Most kids’ movies have one thing in common: teamwork. In Toy Story, feuding figurines Woody and Buzz must overcome their differences in order to survive their owner Andy’s big move. In Finding Nemo, a group of quarrelsome fish band together in order to break free from their dentist captor and return Nemo, a wayward clown fish, to his father. Even in creepier fare like Witches and Jim Henson’s The Dark Crystal, friendship wins out over discord so that the good guys can defeat the bad guys. Friendship in the face of evil is key to the children’s movie formula. Which is why Pixar’s newest blockbuster, Inside Out, is such a revelation. Directed by Pete Docter (who also directed Up in 2009) Inside Out turns the standard formula on its head. It isn’t a story about a group of people coming together to save the world. It’s a story about a single person trying to save herself.
Inside Out takes place almost exclusively inside the mind of Riley, an 11-year-old girl who likes to play hockey (a rarity for a female character in a kids’ movie, or really in any movie). Riley is perfectly happy and well-adjusted until her family moves from Minnesota to San Francisco, a hockey-free wasteland where all the pizza has broccoli on it. We get to know Riley through her emotions—represented by fairy-like creatures that man her mind at a control panel, as astronauts would man a space ship. There’s Joy (Amy Poehler), Sadness (Phyllis Smith), Anger (Lewis Black), Fear (Bill Hader), and Disgust (Mindy Kaling). Riley’s mind also houses a subconscious (“that’s where all the troublemakers go,” we’re told), a dream-making studio (complete with snobbish actors), a series of “islands” that represent her values and hobbies, and a memory library: rows upon rows of miniature orbs, tinted blue or gold depending on the nature of the memory in question.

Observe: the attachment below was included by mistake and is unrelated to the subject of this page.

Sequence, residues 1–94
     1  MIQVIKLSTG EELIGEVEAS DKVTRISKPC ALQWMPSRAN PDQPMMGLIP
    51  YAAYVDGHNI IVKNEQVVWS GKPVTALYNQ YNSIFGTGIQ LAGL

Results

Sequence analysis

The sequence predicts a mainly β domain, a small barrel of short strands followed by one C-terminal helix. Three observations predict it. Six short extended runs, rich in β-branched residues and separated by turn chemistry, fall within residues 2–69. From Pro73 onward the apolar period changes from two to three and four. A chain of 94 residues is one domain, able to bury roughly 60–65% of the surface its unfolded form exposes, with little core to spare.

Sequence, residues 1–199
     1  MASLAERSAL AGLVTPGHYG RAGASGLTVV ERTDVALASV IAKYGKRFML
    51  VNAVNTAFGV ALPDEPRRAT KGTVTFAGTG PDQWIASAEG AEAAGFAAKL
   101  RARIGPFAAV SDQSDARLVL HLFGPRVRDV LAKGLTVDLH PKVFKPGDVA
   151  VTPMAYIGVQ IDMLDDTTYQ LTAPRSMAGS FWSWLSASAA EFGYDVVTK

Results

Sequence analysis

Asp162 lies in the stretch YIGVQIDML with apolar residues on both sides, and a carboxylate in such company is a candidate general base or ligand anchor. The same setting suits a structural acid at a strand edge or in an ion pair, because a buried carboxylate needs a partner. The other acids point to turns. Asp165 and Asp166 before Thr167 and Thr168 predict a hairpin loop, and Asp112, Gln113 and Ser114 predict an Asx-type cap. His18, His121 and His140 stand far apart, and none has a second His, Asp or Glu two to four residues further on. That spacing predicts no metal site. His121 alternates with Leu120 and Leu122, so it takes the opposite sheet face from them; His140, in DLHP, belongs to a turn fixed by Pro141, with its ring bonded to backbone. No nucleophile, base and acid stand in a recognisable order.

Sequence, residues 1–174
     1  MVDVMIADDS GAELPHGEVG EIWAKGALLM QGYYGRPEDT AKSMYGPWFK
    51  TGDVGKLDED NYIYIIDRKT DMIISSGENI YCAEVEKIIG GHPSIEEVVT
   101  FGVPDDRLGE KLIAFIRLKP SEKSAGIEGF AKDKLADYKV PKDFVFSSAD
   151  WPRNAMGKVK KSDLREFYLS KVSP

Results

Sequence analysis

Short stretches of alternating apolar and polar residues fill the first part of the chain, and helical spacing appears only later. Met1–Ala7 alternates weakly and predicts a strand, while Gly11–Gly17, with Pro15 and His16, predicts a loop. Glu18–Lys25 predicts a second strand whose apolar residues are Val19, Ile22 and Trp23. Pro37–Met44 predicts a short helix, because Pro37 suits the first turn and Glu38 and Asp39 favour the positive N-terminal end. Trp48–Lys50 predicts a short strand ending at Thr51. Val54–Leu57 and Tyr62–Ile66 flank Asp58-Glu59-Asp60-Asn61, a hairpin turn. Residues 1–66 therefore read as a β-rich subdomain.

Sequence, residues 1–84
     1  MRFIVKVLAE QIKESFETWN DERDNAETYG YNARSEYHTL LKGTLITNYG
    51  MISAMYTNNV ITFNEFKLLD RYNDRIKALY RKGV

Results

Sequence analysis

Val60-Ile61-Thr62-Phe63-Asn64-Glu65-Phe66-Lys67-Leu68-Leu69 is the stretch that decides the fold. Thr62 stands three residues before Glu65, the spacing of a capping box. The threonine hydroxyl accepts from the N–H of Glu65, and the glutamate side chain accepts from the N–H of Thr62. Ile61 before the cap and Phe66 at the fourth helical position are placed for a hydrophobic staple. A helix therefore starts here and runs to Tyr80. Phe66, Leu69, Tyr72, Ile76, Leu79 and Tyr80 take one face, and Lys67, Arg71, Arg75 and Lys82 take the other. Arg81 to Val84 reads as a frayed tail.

When Riley’s homesickness and preteen angst cause her to act out, the islands in her mind (Family Island, Friendship Island) begin to crumble and memories that were once gold (i.e happy) begin to turn blue. This is partially on account of Sadness, who spends most of her time sleeping, whining morosely, and trying to take over the control panel of Riley’s mind to no avail. She is thwarted repeatedly by Joy, an exceedingly plucky micro manager, who wants Sadness nowhere near the forefront of Riley’s consciousness. And this is where Inside Out is revolutionary. The relationship that carries the film and cements Riley’s well-being isn’t one between the protagonist and her sister, or her prince. It’s between two seemingly irreconcilable emotions inside her own head: Sadness and Joy. Unlike battling dragons or befriending the monster under your bed, Riley’s struggle—coming to terms with change—is one every kid can relate to. And the film’s message, though seemingly unremarkable, is profoundly useful. Sometimes it’s okay to be sad; you won’t feel better until you let it all out. It’s Pixar’s rendition of Leonard Cohen’s Anthem: Forget your perfect offering, there is a crack in everything. That’s how the light gets in.
And it’s wonderful.